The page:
35. See Hugh Roberts, Shelley and the Chaos of History: A New Politics of Poetry (University Park: Pennsylvania State UP, 1997) 411–86. Shelley can be shown to have two poets specifically in mind, Lucretius and Wordsworth, in composing his interesting juvenile piece, “A Tale of Society as it is / from facts 1811.” The poem is a small-scale revision of Wordsworth’s Ruined Cottage and Salisbury Plain projects, in light of Shelley’s ongoing commitment to reform both material and mental conditions. Peter Bell the Third, written in Shelley’s annus mirabilis of 1819, then climactically revisits what he views as Wordsworth’s accommodation to things as they are in the comically high-flown conversion narrative, Peter Bell.
39. Thus a Marxian reform of “things” is emphasized in The German Ideology: “The social structure and the State are continually evolving out of the life process of definite individuals, but of individuals, not as they may appear in their own or other people’s imagination, but as they really are[.]” Karl Marx and Frederick Engels, The German Ideology, Part One, with Selections from Parts Two and Three and Supplementary Texts, ed. C. J. Arthur (New York: International Publishers, 1970) 46.
43. Falkland’s aim to hunt down and annihilate Caleb, at a truly Foucauldian level of microphysical power, can be observed in the Penguin edition of the novel on pages 159, 163, 197, 247, 249, 252, 258, 288, 294, 309, 325.
48. Godwin argues in Book 4, chapter 6 of Political Justice: “A knife is as capable as a man of being employed in the purpose of virtue, and the one is no more free than the other as to its employment.” See An Enquiry Concerning Political Justice in The Political and Philosophical Writings of William Godwin, vol. 3, ed. Mark Philp (London: Pickering, 1993) 170. For a good, appropriately vertiginous, account of the circular effects of character in the novel, including a reference to “things as they are,” see Ferguson, Solitude and the Sublime 102–5.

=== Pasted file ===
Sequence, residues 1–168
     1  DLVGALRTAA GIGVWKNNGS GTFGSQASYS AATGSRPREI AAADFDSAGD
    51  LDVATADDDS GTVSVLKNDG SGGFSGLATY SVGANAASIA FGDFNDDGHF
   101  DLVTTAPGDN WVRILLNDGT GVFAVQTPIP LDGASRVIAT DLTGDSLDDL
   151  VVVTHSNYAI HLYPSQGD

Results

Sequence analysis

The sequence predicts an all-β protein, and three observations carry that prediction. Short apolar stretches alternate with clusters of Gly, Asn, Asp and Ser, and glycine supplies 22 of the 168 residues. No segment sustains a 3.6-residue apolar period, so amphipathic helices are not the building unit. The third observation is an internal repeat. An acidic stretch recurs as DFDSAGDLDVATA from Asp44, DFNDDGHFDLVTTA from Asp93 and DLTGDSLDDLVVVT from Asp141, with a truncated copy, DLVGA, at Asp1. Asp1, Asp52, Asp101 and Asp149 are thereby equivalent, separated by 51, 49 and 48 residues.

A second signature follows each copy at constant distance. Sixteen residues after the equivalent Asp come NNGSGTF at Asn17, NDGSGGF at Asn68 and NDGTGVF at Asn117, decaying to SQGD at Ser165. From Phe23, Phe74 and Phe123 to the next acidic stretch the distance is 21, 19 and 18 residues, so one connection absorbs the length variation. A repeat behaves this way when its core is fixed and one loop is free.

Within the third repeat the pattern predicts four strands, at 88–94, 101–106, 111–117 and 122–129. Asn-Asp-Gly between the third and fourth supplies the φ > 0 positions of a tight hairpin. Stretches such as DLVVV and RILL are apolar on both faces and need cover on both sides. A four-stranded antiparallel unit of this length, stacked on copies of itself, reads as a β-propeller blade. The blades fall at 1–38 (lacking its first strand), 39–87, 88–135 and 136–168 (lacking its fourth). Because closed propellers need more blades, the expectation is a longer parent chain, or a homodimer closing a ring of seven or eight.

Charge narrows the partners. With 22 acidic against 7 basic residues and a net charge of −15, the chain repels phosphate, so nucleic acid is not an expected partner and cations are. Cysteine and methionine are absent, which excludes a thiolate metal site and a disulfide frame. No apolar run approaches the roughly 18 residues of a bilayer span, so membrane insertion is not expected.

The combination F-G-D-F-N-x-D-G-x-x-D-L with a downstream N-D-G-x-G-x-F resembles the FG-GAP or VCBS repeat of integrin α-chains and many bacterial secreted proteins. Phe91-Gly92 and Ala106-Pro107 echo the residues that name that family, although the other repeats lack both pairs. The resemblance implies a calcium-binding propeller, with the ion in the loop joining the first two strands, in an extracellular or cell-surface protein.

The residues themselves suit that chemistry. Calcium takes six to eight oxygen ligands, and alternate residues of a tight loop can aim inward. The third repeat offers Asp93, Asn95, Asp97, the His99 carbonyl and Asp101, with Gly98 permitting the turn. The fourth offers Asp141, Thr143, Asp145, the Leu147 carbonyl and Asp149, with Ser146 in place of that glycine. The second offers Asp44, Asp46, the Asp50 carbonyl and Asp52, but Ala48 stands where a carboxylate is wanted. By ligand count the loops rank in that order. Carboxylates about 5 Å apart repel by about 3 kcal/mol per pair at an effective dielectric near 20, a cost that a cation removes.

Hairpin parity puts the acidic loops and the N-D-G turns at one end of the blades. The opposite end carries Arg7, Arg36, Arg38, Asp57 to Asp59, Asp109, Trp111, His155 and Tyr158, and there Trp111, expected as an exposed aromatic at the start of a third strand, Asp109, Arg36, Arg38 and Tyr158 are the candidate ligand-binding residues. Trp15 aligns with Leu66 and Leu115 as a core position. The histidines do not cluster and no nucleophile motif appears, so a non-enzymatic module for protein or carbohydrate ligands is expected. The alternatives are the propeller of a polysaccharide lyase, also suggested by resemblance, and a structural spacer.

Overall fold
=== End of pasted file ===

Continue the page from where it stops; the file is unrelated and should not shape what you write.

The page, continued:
49. This English literary version of the thing-in-itself suggests a link between my argument about “things as they are” and the much larger scale work of Robert Kaufman on Romanticism, Adorno and Kant. Where Kaufman’s “Red Kant” argues against too easily reduced versions of Kantian aesthetics in the theory of late Marxism, I am arguing against the too easy reduction of “things as they are” both in Godwin’s time and ours. Between reified status quo, commonsense notions of “things as they are,” and the reified transcendental void of subject and object found in the inherited view of noumena or things-in-themselves, is left a viciously hollowed middle area: a position that is exciting to see articulated by Simon Jarvis on behalf of Wordsworth in Wordsworth’s Philosophic Song (Cambridge: Cambridge UP, 2007) 84–107.
52. Jon Klancher’s remark may be helpful here, on the unique reflexive claims for fiction Godwin makes in “Of History and Romance”: “The notion that such reflexivity makes a political difference has no counterpart, to my knowledge, in the discourse about novels and romances that filled British prefaces, reviews, histories, and polemics from 1750 through 1800” (160).
53. (Dickens makes a trivial error about Caleb Williams; it is a three-volume novel, and so was conceptualized not from the second, but from the third and final volume to the first.) The Fall of the House of Usher and Other Writings, ed. David Galloway (London: Penguin, 1986) 480. Suggestively, the essay in this collection that precedes “The Philosophy of Composition,” and was written the previous year, is a review of Hazlitt’s Shakespeare criticism; see 478–79. Poe seems on a number of levels to be thinking about Hazlitt and Godwin in these years.